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5 Things
University of Wisconsin-Madison to resume in-person classes.jpg onurdongel / iStock / Getty Images Plus
University of Wisconsin-Madison has also lifted the quarantine on two of its residence halls.

5 things: University of Wisconsin-Madison to resume in-person classes

This and Ohio easing some self-serve food station restrictions are among the things you missed for the week of September 21.

Each Friday Food Management compiles a list that highlights five things you probably missed in the onsite foodservice news that week and why you should care about them.

Here’s your list for the week of September 21:

  1. UW-Madison to resume in-person classes

University of Wisconsin-Madison will resume some in-person instruction starting this weekend. UW-Madison announced on Wednesday morning that courses that require special equipment or facilities will return to in-person or hybrid instruction on September 26. Instructors will contact those students on Friday.

UW-Madison has also lifted the quarantine on two of its residence halls. Students at Witte and Sellery Halls had been asked to remain in their dorm rooms except for meals at campus dining halls.

Read more: UW-Madison to resume in-person classes

  1. Ohio easing self-serve food station restrictions

Ohio loosened several coronavirus restrictions on bars, restaurants and catering facilities on Wednesday, with the state health department allowing self-service food stations, entertainment and other amenities. Regulations call for continued social-distancing guidelines and required space between patrons in lines. But the ease of restrictions clearly has come about because of improved conditions, according to the state’s order, signed by interim Director of Health Lance D. Himes. They include:

• self-service food stations - salad bars and buffets - will be permitted.

• All banquet and catering facilities with on-site food and drink consumption can reopen with maximum of 300 people per venue.

Read more: Self-serve, other restrictions loosened for restaurants, venues in Ohio

  1. Emerson closes dining venue after staff COVID infections found

Emerson College in Boston won’t open its dining center for breakfast on Wednesday after learning three members of its vendor staff tested positive for COVID-19, according to an e-mail sent to students. On Tuesday, Emerson learned two individuals tested positive for COVID-19 the day prior, according to an e-mail sent to students. The school said contact tracing in underway and the individuals who tested positive are isolating in their homes.

The two new cases came in addition to another positive case from an individual who worked in a campus dining space last Friday, the school said. The space has remained closed since the weekend “out of an abundance of caution," although no additional cases were found during the school’s contact tracing efforts.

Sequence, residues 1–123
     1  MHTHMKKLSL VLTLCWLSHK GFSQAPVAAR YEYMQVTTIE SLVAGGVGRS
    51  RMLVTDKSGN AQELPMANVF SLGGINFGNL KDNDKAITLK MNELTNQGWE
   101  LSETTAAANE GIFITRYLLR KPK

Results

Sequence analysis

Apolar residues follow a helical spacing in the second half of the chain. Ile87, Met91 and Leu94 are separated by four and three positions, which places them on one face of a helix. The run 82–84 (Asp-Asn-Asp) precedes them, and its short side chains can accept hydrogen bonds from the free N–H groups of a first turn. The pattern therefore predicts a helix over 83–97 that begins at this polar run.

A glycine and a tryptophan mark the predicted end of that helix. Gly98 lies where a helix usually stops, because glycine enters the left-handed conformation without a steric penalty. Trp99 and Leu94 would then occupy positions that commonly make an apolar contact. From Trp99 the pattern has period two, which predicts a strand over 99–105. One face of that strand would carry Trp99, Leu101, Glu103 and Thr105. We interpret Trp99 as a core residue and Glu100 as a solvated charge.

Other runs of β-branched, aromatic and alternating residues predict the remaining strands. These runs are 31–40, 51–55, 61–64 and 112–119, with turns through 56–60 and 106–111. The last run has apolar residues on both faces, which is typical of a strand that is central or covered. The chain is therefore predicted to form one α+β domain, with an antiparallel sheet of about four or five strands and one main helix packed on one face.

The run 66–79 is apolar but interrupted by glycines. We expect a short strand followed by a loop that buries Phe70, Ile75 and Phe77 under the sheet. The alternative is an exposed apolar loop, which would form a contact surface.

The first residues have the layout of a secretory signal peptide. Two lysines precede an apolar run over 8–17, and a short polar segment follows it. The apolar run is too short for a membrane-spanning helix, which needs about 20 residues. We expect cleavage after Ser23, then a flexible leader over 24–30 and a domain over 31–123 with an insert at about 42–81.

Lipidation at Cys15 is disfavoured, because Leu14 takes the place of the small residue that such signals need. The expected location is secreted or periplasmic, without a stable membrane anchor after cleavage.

Read more: After three positive COVID-19 cases, Emerson College temporarily closes dining center

  1. Work-from-home fueling exodus from New York, San Francisco

Across the United States, city-to-city migration patterns have been redefined in recent months. Fresh data from LinkedIn’s Economic Graph team shows that smaller metro areas are gaining, some famous big cities are slipping, and hints of de-urbanization can be found across the country. Affluent New Yorkers have forsaken city life in favor of second homes in rural areas, CNBC reports. Many of those moves may turn out to be temporary, but some may be permanent. Meanwhile, The New York Times reports a surge of home-buying in New York’s suburbs.

It’s a similar story in the San Francisco Bay Area. Many tech companies have switched to an extended work-from-home routine—and employees are becoming increasingly bold in deciding where that “home” should be. Schools near Lake Tahoe, nearly 200 miles northeast of San Francisco, are awash with applications from families that have relocated from the Bay Area, The Financial Times recently reported.

Read more: So long big city! Handling a pandemic often means calling the movers

  1. Levy takes over NASCAR F&B operations

Beginning in January, food and beverage operations at all NASCAR-owned motorsports tracks, including Daytona International Speedway, will be run by Levy. All Americrown workers will become employees of Levy. The company operates restaurants and food service venues and has provided food and beverage service for a number of major sports and entertainment industry events including the Super Bowl, Grammy Awards, PGA Championships, US Open Tennis Tournament and the Kentucky Derby.

Read more: NASCAR to merge Americrown food service business with Chicago-based Levy Restaurants

Bonus: Take-home meals boost revenue for in-house dining at Penn State Health

Contact Mike Buzalka at [email protected]

TAGS: Coronavirus
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